Sexual Ethics and Buddhist Teachers
No matter how many scenes and rules we add, the plot never seems to go anywhere, and my anxiety about it never disappears.
At a certain moment, I meet a character who says, "Look, this is only a movie, we're just light and shadows. You can find out for yourself: sit down and do this meditation practice." When I hear this, I realize that I have often suspected the same thing. Although I may be held back by attachment to my role, I have become so disgusted by the futility of this play that I want the truth at any cost. Now I turn the whole script to that end. This is the only resolution I will accept. Then the drama comes apart, and all of its preconceptions, hopes, and fears vanish with it. My schemes, my dreams, my good and evil deeds are irrelevant. So are the rules which controlled my choices in that world.
What is left? Compassion, intelligence, and the splendor of the light. These penetrate and dispel the dream, like advancing day lifting a blanket of fog. There is no duality in this compassionate intelligence. It implies unconditional warmth and mercy, giving without expecting anything in return. From this softness come the virtues we associate with high ethical conduct: generosity, decency, courtesy, and respect for others.
Rules for right conduct do exist in Buddhist tradition: students, for example, vow to abstain from lying, killing, stealing, using intoxicants, and sexual misconduct. The purpose of adopting these rules, however, is to heighten awareness, not to propitiate a Supreme Being or to invoke sanctions for wrongdoing. The value of taking a precept against sexual misconduct is that it directs awareness toward whatever relationship we may have with passion. The remedy for breaking a rule is to confess the violation to one's spiritual preceptor or to another member of the Buddhist community. There is no guilt, penance, or atonement. The violation is viewed not as a sin, into an occasion for honesty and further mindfulness by the confession.
The rules expand with the path. Sometimes the intention to prevent harm to others might require that we steal and lie. Huckleberry Finn, when he lies to save his friend Jim and steals to protect a family's inheritance from swindlers, is behaving unconsciously like a good Buddhist; his motive is compassion, and his means are intelligent.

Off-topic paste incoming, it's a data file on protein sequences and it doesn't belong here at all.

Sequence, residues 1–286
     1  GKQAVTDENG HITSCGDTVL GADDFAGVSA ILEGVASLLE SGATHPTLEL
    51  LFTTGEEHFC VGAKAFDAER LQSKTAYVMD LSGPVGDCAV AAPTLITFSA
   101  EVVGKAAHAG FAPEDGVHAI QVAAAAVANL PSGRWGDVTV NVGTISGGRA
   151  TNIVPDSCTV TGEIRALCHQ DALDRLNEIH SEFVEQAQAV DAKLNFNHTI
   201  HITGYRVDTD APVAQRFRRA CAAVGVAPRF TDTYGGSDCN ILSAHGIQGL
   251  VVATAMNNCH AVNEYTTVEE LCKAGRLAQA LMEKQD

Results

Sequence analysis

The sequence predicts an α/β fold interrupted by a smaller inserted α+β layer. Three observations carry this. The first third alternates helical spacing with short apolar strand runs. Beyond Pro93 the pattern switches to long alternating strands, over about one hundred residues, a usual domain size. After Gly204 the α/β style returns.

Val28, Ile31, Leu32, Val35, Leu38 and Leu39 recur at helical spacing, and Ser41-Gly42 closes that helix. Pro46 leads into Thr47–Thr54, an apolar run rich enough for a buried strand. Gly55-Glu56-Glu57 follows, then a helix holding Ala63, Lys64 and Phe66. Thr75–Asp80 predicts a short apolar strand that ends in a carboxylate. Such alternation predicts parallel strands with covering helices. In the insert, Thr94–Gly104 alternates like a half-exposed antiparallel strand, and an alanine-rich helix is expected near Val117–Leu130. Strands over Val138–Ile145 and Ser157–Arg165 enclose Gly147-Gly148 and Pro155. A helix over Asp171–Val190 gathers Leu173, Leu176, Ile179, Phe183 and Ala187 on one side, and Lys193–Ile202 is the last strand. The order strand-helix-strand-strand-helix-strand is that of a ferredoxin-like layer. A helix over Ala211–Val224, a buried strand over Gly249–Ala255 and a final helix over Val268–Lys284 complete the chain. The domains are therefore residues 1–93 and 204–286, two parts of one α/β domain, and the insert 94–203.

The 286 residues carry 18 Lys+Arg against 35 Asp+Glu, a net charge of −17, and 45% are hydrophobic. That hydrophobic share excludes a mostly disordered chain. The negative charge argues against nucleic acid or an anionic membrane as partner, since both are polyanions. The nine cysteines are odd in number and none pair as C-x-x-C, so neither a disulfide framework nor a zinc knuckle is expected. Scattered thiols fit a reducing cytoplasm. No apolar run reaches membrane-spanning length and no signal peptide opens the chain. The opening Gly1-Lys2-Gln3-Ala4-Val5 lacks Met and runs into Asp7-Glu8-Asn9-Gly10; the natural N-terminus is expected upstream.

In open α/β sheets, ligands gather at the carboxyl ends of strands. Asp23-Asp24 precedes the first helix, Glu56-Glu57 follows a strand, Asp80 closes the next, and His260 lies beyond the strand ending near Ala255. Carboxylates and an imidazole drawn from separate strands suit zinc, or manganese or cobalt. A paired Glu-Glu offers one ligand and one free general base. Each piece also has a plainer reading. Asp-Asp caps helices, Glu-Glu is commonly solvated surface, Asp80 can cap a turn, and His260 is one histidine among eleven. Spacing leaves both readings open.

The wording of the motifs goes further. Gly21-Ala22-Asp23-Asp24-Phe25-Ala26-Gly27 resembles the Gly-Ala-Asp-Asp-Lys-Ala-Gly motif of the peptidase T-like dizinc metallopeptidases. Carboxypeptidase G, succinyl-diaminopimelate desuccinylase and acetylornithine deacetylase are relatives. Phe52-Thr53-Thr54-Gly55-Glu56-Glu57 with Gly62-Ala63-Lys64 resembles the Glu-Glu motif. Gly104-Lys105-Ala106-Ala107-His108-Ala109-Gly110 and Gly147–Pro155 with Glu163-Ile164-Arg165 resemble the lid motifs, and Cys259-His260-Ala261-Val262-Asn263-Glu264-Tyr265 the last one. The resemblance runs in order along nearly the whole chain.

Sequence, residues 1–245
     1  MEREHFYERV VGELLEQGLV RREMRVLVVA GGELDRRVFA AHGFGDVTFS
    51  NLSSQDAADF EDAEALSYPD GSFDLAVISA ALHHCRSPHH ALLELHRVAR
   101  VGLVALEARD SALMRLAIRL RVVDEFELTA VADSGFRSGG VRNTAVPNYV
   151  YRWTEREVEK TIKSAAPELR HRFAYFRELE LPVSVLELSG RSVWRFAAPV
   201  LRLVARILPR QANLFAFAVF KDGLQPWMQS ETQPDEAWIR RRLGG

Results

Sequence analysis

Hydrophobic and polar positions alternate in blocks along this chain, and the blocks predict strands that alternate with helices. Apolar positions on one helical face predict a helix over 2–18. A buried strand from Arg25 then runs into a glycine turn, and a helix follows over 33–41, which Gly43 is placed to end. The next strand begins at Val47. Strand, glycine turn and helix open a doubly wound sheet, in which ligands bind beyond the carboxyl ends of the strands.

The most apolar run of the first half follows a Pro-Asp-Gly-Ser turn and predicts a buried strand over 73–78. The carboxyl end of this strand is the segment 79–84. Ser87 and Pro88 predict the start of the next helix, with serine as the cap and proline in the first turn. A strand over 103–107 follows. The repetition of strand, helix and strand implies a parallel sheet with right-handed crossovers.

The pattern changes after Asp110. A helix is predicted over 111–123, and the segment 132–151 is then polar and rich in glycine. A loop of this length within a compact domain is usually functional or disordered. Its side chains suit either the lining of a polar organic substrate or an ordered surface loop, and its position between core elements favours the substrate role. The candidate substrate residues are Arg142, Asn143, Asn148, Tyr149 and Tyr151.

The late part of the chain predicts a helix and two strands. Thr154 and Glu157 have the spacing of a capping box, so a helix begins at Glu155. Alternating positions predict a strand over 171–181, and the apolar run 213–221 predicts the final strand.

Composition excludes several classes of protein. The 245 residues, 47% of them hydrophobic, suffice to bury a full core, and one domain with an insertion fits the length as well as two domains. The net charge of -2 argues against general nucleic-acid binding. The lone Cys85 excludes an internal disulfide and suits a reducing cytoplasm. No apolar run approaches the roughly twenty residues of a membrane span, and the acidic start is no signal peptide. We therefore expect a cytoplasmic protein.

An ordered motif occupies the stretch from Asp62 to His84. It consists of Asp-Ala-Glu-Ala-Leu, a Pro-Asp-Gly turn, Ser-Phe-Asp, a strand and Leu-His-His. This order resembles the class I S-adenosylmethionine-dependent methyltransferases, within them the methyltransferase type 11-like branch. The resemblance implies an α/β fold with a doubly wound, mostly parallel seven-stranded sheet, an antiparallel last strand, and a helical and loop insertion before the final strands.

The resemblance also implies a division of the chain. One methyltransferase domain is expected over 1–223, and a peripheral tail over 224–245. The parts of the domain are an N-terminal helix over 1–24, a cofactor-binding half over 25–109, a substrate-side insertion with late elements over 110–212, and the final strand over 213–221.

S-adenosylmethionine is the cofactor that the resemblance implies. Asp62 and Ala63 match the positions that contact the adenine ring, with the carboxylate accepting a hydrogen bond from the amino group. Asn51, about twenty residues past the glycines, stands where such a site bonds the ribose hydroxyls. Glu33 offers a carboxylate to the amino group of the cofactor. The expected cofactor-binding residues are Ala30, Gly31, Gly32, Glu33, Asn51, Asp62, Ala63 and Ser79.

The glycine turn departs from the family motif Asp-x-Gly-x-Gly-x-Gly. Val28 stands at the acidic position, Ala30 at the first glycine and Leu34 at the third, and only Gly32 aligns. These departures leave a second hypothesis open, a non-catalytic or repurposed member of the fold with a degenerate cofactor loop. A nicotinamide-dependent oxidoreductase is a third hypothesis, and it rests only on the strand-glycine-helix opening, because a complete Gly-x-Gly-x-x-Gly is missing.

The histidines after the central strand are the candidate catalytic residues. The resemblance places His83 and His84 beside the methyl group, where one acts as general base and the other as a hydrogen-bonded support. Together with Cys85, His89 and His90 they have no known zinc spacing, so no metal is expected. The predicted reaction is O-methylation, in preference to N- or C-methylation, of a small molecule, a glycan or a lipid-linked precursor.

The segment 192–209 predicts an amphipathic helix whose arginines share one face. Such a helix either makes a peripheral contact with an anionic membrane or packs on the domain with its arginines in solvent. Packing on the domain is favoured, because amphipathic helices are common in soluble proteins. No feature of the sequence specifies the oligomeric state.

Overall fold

The medieval Indian monk Atisha taught sixty slogans as reminders of how to behave according to the dharma on all possible occasions. "Don't wait in ambush" (i.e. don't look for a chance to attack when somebody's guard is down). "Don't build your happiness on the limbs of another's pain." "Don't expect more." "Don't act with a twist." The bodhisattva vow, which is the formal entry into the Mahayana path, commits the student to becoming a bridge, a boat, a highway for others to journey to the city of nirvana. At this stage we have already gone far beyond the concept of ethics, for the idea is not just to behave correctly, but to give up aggression, grasping, and ignorance, to hang onto nothing for oneself, to bring everything onto the path. The rules are like little guardians, telling us, "You have strayed into the woods here, get on with the journey." That is all. Nobody enforces them.
Ethics are useful as a cocoon that ripens the student, until the insight of no-self has taken hold. But no rules are superior to a fully awakened mind. A Buddha expresses compassion by waking people up. The intention may require conventionally ethical behavior or its opposite, according to circumstance. The Buddha is master of ethics; ethics do not master the Buddha. As Christ put it, "The Sabbath was made for man, not man for the Sabbath." Otherwise we could never transcend the products of our own thoughts.
The challenge to conventional ethics is particularly acute in the vehicle of Buddhist tantra. Tantra is a radically accelerated vehicle of instruction whose intention is to achieve enlightenment in one lifetime. For the moralist, neurosis is a threat; anger, lust, and greed are poisons to be shunned. But in tantra, poison is food. A good example would be the tantric approach to passion.